Who'll break the dollar peg next?

Will other Gulf oil producers follow in the footsteps of Kuwait by removing their dollar peg? And what other dollar-related announcements should investors be watching out for?

Years ago, I recollect hearing a successful currency speculator say that if you wanted to know what a government is going to do with its currency, listen to what they say they aren't going to do... then expect

the opposite.

On March 3, 2007, for instance, we had the following report out of Bloomberg: 'Saudi Arabia, the United Arab Emirates and four other Persian Gulf nations will discuss revaluing their currencies' peg to the U.S. dollar before a proposed monetary union in the region in 2010.

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'The states would only change the dollar peg simultaneously, U.A.E. Central Bank Governor Sultan Bin Nasser al-Suwaidi told reporters today. The six countries form the Gulf Cooperation Council and their central bank officials meet next in April. The other countries are Bahrain, Qatar, Oman and Kuwait.

''We will not act unilaterally,' al-Suwaidi said in Dubai, U.A.E.'

On March 15, Bloomberg followed up with this...

'The dollar may also be buoyed after the six Gulf Cooperation Council members, which include Saudi Arabia and Kuwait, agreed not to revalue their currencies against the U.S. currency.

''We have no plans to revalue,' Hamad Saud al-Sayari, the governor of the Saudi Arabian Monetary Agency, told reporters in Dubai today. 'The U.S. dollar is still very important to us.''

Apparently, someone forgot to copy the Saudis on the memo, because on March 20, Kuwait announced that it was tossing the dollar peg over the side and replacing it with a basket of currencies.

This will almost certainly lead to a domino effect in the Middle East, a move that would likely be warmly welcomed by the local citizenry there, and not so warmly welcomed by those in the U.S. government charged with maintaining the U.S. dollar hegemony.

And then there's China...

On announcing last year that it was forming a new agency to help better manage its foreign reserves, China took pains to assure the markets that they were not doing so in order to begin unloading dollars. But then on May 18, it announced it was going to invest $3.3 billion in Blackstone, a private equity group.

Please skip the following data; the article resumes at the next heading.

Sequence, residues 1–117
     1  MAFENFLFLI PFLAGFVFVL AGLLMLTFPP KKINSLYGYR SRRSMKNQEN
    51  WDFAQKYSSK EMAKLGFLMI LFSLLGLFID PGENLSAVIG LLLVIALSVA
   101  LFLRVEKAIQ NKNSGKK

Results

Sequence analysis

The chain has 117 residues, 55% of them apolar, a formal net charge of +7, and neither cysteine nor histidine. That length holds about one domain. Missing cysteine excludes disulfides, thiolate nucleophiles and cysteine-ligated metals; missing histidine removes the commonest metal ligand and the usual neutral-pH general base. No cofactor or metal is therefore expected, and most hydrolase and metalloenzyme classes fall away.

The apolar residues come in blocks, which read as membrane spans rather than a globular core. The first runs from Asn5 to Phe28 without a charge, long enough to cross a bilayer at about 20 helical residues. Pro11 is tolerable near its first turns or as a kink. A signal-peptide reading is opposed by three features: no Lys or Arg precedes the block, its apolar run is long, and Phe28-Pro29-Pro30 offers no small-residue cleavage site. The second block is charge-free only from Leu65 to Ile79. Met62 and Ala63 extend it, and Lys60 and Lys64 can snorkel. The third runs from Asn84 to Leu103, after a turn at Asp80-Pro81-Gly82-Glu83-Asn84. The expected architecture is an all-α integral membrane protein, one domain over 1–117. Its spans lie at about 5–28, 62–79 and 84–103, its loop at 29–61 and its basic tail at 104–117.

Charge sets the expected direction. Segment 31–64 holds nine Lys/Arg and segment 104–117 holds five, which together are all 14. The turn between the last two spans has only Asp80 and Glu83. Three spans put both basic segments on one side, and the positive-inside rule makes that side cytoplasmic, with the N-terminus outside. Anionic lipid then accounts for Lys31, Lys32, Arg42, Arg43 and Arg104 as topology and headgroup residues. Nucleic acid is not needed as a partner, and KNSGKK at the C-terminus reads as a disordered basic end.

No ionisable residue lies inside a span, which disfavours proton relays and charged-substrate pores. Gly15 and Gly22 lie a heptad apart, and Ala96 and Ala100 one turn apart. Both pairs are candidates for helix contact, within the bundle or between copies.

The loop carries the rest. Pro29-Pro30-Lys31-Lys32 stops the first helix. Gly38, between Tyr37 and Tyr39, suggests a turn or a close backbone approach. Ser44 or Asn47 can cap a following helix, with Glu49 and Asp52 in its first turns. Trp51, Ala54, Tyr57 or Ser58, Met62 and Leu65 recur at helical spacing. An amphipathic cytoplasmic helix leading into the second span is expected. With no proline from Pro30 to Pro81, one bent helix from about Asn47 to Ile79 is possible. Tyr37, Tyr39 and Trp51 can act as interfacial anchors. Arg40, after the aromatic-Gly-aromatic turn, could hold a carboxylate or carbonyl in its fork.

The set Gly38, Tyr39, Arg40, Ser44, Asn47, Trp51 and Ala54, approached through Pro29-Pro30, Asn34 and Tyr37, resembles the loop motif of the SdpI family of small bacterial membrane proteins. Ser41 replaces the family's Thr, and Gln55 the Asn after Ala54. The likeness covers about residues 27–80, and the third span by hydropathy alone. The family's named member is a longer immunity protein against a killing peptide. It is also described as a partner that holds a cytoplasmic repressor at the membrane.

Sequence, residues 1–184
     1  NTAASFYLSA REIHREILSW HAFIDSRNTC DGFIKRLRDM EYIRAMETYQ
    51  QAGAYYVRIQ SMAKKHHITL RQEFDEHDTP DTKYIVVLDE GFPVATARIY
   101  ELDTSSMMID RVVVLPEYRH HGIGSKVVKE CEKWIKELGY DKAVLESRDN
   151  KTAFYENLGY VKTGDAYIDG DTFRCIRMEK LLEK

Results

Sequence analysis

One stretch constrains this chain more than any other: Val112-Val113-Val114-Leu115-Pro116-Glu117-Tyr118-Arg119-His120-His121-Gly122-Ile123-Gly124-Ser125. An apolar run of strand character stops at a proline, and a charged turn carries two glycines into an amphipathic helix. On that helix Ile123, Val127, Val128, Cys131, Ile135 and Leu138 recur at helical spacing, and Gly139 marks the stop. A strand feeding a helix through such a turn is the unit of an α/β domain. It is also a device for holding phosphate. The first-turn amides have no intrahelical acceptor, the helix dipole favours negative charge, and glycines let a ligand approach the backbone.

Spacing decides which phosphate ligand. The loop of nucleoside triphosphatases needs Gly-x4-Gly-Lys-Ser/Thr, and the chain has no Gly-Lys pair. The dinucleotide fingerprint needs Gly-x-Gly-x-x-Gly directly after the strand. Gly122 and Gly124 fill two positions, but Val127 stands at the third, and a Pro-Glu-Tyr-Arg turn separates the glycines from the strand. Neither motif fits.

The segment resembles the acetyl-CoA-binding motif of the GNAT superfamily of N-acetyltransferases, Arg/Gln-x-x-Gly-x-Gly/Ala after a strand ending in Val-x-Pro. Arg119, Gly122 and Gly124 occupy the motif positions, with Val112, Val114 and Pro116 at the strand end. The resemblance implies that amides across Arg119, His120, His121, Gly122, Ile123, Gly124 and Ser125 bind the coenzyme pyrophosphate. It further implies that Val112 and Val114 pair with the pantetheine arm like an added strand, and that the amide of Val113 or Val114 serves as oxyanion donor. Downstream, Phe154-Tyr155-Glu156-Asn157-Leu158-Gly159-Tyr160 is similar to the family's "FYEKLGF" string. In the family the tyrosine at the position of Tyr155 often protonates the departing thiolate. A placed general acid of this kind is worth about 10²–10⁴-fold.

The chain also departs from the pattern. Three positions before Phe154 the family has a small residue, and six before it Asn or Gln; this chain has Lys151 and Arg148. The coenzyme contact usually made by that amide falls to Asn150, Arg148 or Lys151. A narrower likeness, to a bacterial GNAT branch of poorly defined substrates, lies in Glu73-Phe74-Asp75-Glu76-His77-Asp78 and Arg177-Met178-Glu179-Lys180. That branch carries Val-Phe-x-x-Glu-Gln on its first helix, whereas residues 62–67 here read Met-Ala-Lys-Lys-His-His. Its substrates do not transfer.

Now, you can be assured that Blackstone is going to go all out to impress their deep-pocketed new partner. And it won't impress them very much if they only buy U.S. stocks that have to then fight against the tide of a depreciating dollar.

In our view, this is just the beginning of a much larger strategy, the core of which will be trading out of U.S. treasury bills and into all manner of other investments... an international basket of stocks, natural resource deposits around the globe... pretty much anywhere and anything offers the prospect for a higher return with lower currency risk.

Or, if the currency risk is going to be taken, then the potential returns will have to offset those risks. Earning a 4.5% yield on a Treasury bond while taking a 10%, 20% or even 30% risk on the dollar doesn't make a lot of sense to us. And, we expect, neither does it to the Chinese.

There are some very interesting implications in all of this. For instance, if the Chinese slow down their buying of Treasuries in favour of other asset classes, who is going to step up to take their place? Of course, at the right interest rate, far higher than those on offer today, someone will. But then there's that whole collapsing housing bubble thing.

The U.S. continues to be trapped on the horns of a dilemma, wedged squarely between a rock and a hard place. Raise interest rates to head off a devastating mass exodus from the dollar and sink the economy... or,

lower interest rates to keep the economy afloat and doom the dollar.

Or, simply continue printing money like there's no tomorrow, steadily devaluing the $6 trillion in the hands of foreigners, and hope no one will notice.

There are times, like today, that any reasonably astute observer can look to the horizon and see what's coming. A monetary crisis is headed in our direction, and the pace of its arrival is, in our view, quickening.

Gold, and for more pep in your portfolio, gold stocks, are no longer an option but a prerogative - even for conservative investors.

Meanwhile, pay close attention to the comments of high government officials about their intentions on the dollar...

By David Galland for The Daily Reckoning. You can read more from David and many others at www.dailyreckoning.co.uk